Opinion polls suggest many Scots remain to be convinced about the virtues of independence. One poll at the beginning of September gave the "No" side a 30-percent lead, prompting claims from unionists that the battle was all but over. But then the SNP hailed a survey that showed support for a "Yes" vote had taken the lead for the first time since 2011.
Large-scale rallies could help galvanise independence supporters ahead of a crucial 12 months of campaigning, said Peter Lynch, a lecturer in Stirling University and author of SNP: A History of the Scottish National Party.
"Showing to each other how many 'yes' supporters there are is good for morale," he said.
"If you are a 'yes' supporter seeing endless polls saying ‘you're only 30 percent', oh, 'you're only 35 percent', ‘now you're down to 25 percent', you feel like a beleaguered minority that is never going to win. These are the kind of events that make ['yes' supporters] see that there are actually a lot of 'yes' supporters, and if they can mobilise and grow then they are in with a chance of winning in September next year."
Not everyone agrees. Tom Gallagher, emeritus professor at Bradford University, said nationalists are not doing enough to reach out to the undecided voters who are likely to decide next year's referendum.
For the Nationalists, the misery of the people isn't a wrong to be corrected - it is a chance to be exploited. For them, grievance is not to be addressed - it is to be nurtured.
"The big challenge for 'Yes' campaigners is they need to stop dialoguing with themselves. They need to engage with the fears and anxieties that a lot of people have, instead of just brushing them away and saying ‘it'll be alright on the night,'" the author of Scotland Divided: Ethnic Friction and Christian Crisis said.
Among the Scottish saltires on Saturday were flags from Catalonia, Corsica, Flanders, Sicily, Wales and other nationalist movements across Europe.
Franco Rocchetta, twice a member of the Italian Parliament, was among a group of about 50 supporters of Venetian independence that made the journey from northern Italy to the Scottish capital.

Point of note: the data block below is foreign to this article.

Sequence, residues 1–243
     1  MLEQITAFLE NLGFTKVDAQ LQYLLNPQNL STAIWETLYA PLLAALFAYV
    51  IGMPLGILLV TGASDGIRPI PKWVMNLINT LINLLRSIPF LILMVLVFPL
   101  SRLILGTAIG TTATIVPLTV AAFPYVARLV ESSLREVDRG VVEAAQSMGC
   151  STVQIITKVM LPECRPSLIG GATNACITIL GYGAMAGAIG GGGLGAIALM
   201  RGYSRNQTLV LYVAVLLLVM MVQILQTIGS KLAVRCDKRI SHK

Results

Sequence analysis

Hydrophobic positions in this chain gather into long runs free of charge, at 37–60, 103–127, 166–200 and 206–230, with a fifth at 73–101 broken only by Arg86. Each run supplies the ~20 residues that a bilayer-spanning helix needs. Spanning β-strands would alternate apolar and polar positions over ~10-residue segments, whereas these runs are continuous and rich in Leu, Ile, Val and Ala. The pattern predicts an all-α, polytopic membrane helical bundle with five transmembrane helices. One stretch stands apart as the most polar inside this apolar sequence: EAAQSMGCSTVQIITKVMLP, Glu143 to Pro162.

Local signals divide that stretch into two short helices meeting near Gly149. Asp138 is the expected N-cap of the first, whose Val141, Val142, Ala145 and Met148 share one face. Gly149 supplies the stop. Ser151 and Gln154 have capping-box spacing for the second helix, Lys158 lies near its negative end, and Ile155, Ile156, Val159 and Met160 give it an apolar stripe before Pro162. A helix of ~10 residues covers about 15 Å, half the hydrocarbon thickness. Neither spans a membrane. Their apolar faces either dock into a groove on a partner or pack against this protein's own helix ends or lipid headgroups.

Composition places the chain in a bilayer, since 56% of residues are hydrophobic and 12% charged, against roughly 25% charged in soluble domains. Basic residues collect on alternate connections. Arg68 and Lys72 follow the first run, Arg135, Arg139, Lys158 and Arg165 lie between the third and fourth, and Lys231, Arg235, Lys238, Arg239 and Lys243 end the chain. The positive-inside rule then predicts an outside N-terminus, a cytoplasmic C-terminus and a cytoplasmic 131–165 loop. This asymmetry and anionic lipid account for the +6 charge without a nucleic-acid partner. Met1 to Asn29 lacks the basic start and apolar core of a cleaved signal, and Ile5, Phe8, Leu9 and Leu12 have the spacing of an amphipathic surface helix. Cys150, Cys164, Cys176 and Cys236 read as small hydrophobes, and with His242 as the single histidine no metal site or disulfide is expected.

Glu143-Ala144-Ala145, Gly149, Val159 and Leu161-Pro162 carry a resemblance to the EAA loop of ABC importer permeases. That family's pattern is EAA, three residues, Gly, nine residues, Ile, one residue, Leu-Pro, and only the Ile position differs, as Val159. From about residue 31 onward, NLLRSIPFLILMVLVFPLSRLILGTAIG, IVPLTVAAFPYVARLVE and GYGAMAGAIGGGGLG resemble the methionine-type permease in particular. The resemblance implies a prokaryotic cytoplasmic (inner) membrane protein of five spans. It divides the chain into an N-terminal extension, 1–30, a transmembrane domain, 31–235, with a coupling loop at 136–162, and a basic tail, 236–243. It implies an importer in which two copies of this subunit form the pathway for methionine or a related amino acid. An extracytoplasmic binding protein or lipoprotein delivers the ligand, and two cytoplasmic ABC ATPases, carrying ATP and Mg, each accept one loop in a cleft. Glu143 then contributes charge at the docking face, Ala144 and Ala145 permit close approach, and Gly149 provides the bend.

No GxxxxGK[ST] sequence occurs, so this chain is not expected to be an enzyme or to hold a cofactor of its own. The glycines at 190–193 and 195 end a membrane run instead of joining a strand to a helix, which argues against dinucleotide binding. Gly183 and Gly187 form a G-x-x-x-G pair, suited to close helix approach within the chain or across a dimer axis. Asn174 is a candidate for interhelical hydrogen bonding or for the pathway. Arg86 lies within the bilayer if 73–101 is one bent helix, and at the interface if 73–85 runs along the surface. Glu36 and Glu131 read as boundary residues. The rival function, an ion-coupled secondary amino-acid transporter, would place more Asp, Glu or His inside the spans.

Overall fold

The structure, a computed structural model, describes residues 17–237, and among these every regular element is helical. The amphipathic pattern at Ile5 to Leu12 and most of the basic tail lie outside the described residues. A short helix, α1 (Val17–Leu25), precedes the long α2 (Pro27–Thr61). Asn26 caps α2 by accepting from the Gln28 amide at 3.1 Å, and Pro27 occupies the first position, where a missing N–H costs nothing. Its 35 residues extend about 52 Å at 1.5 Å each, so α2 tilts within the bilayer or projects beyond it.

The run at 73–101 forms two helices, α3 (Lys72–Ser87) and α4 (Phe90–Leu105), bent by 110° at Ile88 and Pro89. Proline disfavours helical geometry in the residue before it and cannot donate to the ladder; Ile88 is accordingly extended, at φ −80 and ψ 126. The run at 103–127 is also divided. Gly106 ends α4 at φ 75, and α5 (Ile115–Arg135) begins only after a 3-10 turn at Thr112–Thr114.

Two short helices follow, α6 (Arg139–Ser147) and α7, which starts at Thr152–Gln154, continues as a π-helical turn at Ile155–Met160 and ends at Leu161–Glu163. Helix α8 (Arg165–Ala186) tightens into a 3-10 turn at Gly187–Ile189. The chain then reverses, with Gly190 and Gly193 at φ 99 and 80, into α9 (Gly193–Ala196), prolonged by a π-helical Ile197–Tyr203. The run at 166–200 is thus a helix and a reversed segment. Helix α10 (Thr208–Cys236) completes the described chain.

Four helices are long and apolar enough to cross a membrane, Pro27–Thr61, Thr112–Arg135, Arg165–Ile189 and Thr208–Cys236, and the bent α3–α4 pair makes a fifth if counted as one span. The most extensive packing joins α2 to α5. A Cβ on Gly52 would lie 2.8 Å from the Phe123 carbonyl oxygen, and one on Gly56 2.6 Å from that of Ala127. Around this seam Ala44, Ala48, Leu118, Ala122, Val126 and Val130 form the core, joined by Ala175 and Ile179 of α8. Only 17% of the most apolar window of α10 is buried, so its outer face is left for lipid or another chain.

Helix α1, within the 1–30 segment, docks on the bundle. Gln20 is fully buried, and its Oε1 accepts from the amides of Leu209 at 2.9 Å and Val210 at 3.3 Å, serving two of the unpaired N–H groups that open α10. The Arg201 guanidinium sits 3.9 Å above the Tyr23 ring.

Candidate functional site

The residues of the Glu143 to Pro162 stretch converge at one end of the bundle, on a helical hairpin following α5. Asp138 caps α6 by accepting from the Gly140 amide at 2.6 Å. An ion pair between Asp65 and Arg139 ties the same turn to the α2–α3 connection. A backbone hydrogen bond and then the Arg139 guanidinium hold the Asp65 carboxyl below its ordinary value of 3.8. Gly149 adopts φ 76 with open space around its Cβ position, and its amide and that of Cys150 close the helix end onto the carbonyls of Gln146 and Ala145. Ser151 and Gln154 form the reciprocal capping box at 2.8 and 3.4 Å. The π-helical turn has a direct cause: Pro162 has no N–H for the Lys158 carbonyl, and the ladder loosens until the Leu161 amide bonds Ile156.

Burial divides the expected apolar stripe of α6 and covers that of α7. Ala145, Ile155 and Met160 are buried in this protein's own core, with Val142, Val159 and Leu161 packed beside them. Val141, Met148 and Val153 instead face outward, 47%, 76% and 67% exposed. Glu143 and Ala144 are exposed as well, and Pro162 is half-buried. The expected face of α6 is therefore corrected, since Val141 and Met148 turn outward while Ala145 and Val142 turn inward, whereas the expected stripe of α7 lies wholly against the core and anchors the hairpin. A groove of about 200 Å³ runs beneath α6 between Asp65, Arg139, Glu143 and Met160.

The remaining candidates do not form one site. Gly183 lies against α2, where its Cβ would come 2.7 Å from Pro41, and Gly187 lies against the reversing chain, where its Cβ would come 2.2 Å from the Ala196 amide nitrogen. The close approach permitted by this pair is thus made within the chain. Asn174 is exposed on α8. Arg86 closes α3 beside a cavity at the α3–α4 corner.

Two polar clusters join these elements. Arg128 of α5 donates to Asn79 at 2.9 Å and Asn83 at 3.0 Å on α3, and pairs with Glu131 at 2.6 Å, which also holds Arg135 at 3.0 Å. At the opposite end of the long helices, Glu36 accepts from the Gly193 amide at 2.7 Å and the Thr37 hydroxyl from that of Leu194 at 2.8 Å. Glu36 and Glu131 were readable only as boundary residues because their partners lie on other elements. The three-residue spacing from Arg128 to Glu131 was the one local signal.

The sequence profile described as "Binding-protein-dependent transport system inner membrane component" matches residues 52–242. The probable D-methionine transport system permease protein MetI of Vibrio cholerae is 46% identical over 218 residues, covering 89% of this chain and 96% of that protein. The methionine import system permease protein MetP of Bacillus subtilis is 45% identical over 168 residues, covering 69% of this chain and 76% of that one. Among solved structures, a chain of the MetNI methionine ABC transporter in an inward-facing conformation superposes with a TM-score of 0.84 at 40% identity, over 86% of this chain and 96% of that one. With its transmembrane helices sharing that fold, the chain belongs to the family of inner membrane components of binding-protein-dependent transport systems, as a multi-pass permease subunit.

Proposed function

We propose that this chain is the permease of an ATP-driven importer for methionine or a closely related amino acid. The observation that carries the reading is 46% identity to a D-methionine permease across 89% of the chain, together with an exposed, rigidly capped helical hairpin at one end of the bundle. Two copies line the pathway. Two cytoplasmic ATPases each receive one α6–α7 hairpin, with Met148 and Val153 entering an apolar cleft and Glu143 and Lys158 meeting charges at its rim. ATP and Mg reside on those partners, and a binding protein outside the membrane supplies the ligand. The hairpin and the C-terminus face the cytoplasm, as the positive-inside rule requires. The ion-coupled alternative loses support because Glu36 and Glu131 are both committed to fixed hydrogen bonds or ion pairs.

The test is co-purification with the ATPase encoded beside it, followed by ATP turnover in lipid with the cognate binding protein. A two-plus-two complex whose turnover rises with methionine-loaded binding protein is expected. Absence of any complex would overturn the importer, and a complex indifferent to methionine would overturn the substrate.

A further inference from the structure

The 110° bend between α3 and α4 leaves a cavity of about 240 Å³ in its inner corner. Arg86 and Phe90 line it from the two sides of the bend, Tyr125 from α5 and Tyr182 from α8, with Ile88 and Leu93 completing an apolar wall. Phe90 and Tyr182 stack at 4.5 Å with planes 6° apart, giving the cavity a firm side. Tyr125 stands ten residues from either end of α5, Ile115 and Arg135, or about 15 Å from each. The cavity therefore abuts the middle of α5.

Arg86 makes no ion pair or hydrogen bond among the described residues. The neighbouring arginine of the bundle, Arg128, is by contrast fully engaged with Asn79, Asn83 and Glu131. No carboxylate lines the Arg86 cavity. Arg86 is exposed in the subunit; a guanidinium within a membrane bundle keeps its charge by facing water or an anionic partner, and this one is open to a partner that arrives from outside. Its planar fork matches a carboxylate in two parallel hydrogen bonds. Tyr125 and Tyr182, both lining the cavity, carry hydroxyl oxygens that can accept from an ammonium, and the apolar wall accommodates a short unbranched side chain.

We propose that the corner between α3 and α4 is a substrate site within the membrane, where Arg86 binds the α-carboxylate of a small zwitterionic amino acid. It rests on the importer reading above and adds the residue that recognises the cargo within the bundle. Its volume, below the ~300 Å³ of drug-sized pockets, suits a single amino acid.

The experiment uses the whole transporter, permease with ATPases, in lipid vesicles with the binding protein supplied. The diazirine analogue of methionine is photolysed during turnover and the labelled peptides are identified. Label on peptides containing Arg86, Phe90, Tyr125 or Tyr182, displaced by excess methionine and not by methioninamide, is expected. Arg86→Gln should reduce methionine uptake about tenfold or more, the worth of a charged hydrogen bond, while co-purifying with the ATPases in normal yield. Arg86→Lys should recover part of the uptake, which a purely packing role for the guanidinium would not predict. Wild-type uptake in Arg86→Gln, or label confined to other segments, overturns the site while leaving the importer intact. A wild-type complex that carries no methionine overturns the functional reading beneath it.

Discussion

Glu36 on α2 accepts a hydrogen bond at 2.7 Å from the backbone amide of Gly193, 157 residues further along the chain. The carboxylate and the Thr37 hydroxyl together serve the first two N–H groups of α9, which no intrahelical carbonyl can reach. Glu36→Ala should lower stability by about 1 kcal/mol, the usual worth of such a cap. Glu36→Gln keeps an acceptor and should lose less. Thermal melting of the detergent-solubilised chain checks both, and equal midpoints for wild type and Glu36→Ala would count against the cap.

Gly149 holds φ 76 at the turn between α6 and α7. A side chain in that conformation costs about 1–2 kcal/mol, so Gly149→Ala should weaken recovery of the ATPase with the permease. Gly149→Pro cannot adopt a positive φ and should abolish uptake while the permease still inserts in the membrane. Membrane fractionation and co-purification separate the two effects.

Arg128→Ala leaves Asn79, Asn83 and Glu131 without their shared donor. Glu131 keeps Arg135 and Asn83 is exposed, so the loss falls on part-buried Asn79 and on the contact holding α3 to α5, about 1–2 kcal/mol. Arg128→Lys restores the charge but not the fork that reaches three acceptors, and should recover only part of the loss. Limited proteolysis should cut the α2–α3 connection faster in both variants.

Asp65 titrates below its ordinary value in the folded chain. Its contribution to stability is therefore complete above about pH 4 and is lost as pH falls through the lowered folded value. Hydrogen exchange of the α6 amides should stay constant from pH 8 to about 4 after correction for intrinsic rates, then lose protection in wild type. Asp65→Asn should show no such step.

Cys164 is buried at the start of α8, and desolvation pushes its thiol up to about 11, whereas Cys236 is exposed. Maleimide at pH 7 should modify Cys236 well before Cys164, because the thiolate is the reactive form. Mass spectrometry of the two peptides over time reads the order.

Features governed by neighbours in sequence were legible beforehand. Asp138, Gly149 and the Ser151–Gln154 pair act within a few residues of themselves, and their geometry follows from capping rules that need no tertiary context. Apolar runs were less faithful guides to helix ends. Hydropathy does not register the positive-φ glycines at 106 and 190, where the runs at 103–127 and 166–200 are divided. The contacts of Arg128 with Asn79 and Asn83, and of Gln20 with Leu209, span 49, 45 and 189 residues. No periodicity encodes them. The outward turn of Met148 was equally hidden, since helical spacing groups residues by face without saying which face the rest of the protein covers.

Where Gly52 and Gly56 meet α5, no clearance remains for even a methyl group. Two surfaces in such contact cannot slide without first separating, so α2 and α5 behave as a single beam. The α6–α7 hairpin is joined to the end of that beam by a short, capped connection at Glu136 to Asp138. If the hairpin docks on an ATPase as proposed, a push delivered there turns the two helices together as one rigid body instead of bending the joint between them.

"For us coming here is like swimming in the fountain of youth," he said. "We are also fighting to get a referendum for independence."
While Scotland's independence campaign has garnered foreign admirers, so far it has struggled to attract supporters of the Labour party, once the dominant force in Scottish politics and still the second-largest constituency in the devolved parliament.
Scottish Labour, strongly opposed to independence, is part of Better Together, a cross-party unionist campaign calling for a "No" vote in 2014.
At the weekend, Scottish Labour leader Johann Lamont told attendees at the Labour Party's annual conference in Brighton that next year's referendum was a chance to defeat the "virus" of nationalism.
“For the Nationalists, the misery of the people isn't a wrong to be corrected - it is a chance to be exploited. For them, grievance is not to be addressed - it is to be nurtured,” Lamont told the group.
“And that cynicism, that calculation which leaves families suffering now is a price worth paying if it translates into votes next September. It's a cynicism which corrodes our politics. It should create in us a revulsion.”
Unsurprisingly, Lamont's assessment of Scottish nationalism did not resonate with the marchers in Edinburgh. "I feel it's all inclusive," said Tarlika Elisabeth Schmitz, who moved to Scotland from Germany 17 years ago.
Schmitz travelled from Lochaber in the Highlands to the capital for the rally. "It's great to be here," she said as she walked towards Calton Hill, accompanied by her Scottish terrier, Nechtain, in a blue "Yes" shawl.
"I think we will do it. I am pretty confident we will win."